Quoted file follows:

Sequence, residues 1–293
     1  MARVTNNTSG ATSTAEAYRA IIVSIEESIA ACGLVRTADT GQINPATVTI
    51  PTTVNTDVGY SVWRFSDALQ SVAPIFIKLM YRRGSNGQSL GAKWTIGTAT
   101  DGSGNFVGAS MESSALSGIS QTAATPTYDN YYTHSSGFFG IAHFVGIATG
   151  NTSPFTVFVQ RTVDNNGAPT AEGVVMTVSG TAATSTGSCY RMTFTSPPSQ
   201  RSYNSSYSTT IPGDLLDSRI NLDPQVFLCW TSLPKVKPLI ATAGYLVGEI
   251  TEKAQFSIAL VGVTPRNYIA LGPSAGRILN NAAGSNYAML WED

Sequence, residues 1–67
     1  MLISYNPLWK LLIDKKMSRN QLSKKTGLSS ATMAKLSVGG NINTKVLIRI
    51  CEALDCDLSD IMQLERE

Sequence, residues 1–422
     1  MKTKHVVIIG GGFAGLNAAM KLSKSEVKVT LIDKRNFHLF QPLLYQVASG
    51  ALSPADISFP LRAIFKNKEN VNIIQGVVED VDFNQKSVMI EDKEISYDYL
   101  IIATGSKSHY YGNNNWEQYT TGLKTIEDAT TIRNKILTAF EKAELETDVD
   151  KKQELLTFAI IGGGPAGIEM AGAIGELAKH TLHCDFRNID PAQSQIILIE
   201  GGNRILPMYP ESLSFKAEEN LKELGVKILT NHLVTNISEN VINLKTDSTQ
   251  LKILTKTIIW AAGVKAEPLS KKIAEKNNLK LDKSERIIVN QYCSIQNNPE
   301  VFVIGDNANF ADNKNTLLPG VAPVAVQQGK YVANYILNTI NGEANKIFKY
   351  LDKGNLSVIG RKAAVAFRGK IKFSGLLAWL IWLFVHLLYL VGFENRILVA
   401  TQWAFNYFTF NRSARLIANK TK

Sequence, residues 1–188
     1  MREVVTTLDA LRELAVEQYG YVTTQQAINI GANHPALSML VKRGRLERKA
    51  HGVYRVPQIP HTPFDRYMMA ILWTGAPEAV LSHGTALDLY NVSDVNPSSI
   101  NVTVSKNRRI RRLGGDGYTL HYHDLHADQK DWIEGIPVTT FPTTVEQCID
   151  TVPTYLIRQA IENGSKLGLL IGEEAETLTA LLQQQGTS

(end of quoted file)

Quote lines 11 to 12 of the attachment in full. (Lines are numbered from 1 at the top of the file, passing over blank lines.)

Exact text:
Sequence, residues 1–422
     1  MKTKHVVIIG GGFAGLNAAM KLSKSEVKVT LIDKRNFHLF QPLLYQVASG